Dexter was discovered more than a year ago and reported by researchers at Seculert, who reported at the time that campaigns were claiming victims at big retail operations, hotels and restaurants. At the time there were victims in 40 countries, most of those in the U.S. and the United Kingdom.
“Dexter is stealing the process list from the infected machine, while parsing memory dumps of specific POS software related processes, looking for Track 1 / Track 2 credit card data,” Seculert CTO Aviv Raff wrote in a blogpost last December. “This data will most likely be used by cybercriminals to clone credit cards that were used in the targeted POS system.”
Point-of-sale systems present hackers with a target-rich environment. The systems are often reachable online and are usually guarded with default or weak passwords that are child’s play for a brute force or dictionary attack. The last two Verizon Data Breach Investigations Reports have identified small retailers and hospitality providers as the primary victims in such opportunistic attacks because of limited security resources.
Wilson said some of the victimized machines were not dedicated PoS servers; one in particular was also hosting a physical security management system that ran access control and card reader software.
“The data being exfiltrated that we’ve seen suggests that the compromised machines are doubling up functions and running point of sale on a machine doing something else. PoS machines should be dedicated, locked down and have special policies applied to it,” Wilson said. “That’s a bad practice to pile so much on one system. An attacker with access to credit card data would also have access to anything else the management system has access too.”
Wilson said that the initial infections could be happening either via phishing emails luring victims to sites hosting Dexter or Project Hook, or the attackers are taking advantage of default credentials to access these systems remotely.
“With the holidays, there’s going to be more PoS activity and a higher volume of transactions. Now would be a good time to fortify security,” Wilson said. “The basics should cover this. There are IDS signatures written for this malware, and there are indicators of compromise floating around; basic antimalware should catch the process-injection techniques used here.”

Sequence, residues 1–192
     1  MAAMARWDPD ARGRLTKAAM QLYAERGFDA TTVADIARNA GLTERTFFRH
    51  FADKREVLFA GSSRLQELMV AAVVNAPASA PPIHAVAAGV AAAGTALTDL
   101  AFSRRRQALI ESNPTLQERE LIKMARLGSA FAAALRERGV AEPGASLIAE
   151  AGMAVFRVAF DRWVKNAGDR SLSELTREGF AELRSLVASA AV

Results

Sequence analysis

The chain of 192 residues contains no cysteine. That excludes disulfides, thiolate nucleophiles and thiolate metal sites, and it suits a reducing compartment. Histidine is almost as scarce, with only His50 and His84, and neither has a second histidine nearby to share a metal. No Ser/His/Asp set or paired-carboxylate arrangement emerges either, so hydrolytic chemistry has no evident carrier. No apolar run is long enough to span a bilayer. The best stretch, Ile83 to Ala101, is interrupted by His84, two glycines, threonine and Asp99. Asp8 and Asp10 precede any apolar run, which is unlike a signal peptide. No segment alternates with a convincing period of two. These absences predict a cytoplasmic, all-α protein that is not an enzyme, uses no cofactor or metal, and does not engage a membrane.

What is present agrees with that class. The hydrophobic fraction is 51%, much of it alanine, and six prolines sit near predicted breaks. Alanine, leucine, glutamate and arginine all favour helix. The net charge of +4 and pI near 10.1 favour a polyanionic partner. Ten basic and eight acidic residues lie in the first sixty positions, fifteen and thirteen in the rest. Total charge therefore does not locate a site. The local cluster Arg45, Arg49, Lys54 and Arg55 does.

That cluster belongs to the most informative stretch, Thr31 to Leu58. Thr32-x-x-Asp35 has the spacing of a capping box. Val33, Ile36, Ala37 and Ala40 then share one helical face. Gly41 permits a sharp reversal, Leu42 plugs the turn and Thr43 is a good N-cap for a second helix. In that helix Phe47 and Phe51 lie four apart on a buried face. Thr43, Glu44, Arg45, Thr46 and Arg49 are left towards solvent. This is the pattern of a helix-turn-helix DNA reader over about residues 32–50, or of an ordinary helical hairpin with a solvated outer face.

Meanwhile, Ars Technica reported today the discovery of the first botnet targeting point-of-sale systems. A Los Angeles security company called IntelCrawler found the botnet which had infected close to 150 Subway sandwich shops stealing 146,000 credit card numbers.
An attack on the computer networks of banking giant JP Morgan Chase & Co. may have exposed sensitive information belonging to 465,000 prepaid cash-card holders, according to a Reuters report.
JP Morgan said the attack targeted Web servers handling its Ucard program in mid-September and that the company has since remedied the underlying flaws that led to the breach and contacted law enforcement. The bank admitted to Reuters that attackers pilfered “a small amount” of data, but that they believe no user Social Security numbers, dates of birth, or email addresses were taken.
Troublingly, the Reuters report indicates that the information potentially exposed was not encrypted at the time of the attack, though JP Morgan claims it generally does encrypt its customers’ personal information.
Company spokesperson Michael Fusco told Reuters that JP Morgan spent the months following the attack determining which customers may have been affected and which data may have been compromised. The company is contacting those customers. He reportedly declined to disclose any technical details of the attack.
The breach reportedly affected some two percent of JP Morgan’s 25 million UCard holders, according to Fusco. Corporations apparently buy UCards from JP Morgan and issue them as payments to their employees while government agencies use them to issue tax refunds and to pay unemployment and other benefits.
As is standard operating procedure at this point, the bank is offering three years of credit monitoring services to those affected.
In response to the growing set of revelations about the NSA’s surveillance methods and alleged compromise of some large technology vendors’ services, Microsoft is taking a number of steps to try and reassure customers about the integrity of the company’s offerings and to greatly expand the use of encryption across its services.
Microsoft said that in the next few months it will be improving and expanding its use of encryption, specifically in its cloud services such as Azure, Outlook.com and Office 365. The company recently announced that it would be improving the encryption services on Office 365, but this new initiative goes well beyond that effort. Microsoft will be implementing Perfect Forward Secrecy on its cloud service and also will be moving to 2048-bit keys. This applies to data in transit between customers and Microsoft’s servers, but it also will be applied to information moving among the company’s data centers.
Microsoft said that these new security measures will be in place by the end of 2014, and some of them are in effect right now. The company also will be encrypting customer data at rest in its data centers.
“Although this is a significant engineering effort given the large number of services we offer and the hundreds of millions of customers we serve, we’re committed to moving quickly. In fact, many of our services already benefit from strong encryption in all or part of the lifecycle. For example, Office 365 and Outlook.com customer content is already encrypted when traveling between customers and Microsoft, and most Office 365 workloads as well as Windows Azure storage are now encrypted in transit between our data centers. In other areas we’re accelerating plans to provide encryption,” Brad Smith, general counsel and executive vice president for legal and corporate affairs at Microsoft said.